Lutherans in America have expressed concern over the impact of immigration enforcement raids on children and families in the US.
They say that US immigration law is 'badly broken' and in desperate need of reform.
The Rev Steven L. Ullestad, bishop in the Evangelical Lutheran Church in America (ELCA) and Ralston H. Deffenbaugh Jr, president of the Lutheran Immigration and Refugee Service, Baltimore, expressed their concern in a statement submitted to the US Congress and entered into the Congressional Record.
The statement came in response to a federal immigration raid at a meat processing plant in Postville, Iowa, where federal agents arrested more than 310 men and 76 women working at the plant. "Adults were immediately separated from their children and families," said the statement. Ullestad and Deffenbaugh called the raid "the largest of its kind in US history."
Ullestad and Deffenbaugh urged Congress to "exercise rigorous oversight of workplace raids" to ensure that while US Immigration and Customs Enforcement addresses concerns of national security, it mitigates the sociological and economic impact and emotional trauma on a community; communicates and works closely with community social services and pastoral care workers to mitigate trauma among children, families and communities; facilitates access to legal counsel; does not transfer people out of the area but releases them from custody to attend hearings outside of detention; and develops communication mechanisms that allow family members and lawyers to locate those in detention.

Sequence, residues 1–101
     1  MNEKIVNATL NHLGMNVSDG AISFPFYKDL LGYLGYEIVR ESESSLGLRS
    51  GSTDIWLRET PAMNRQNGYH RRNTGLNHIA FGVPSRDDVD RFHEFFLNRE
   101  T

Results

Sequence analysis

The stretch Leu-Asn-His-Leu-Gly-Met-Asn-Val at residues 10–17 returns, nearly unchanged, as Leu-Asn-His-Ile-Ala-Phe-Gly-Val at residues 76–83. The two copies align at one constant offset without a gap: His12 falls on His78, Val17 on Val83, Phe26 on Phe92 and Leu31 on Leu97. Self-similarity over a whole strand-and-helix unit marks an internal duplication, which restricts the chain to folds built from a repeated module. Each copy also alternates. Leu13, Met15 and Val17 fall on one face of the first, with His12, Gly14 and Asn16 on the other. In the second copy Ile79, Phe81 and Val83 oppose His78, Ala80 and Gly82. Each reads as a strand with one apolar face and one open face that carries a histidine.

"The impact on Postville underscores the need for comprehensive reform of immigration policy. The immigration law needs to protect children and unite families, safeguard human rights and worker rights, enable marginalized undocumented people to come out of the shadows and to live without fear, and provide a path to permanence for those who have put down roots," the statement said.
According to the Rev Mark S Hanson, ELCA presiding bishop, the "impact of the immigration raid on Postville's community is similar to what would have happened if the town had been hit by a natural disaster. As a result of the raid, families have been separated, children are traumatized and a once thriving community is devastated."
"Our immigration law is badly broken and in desperate need of reform," said Hanson.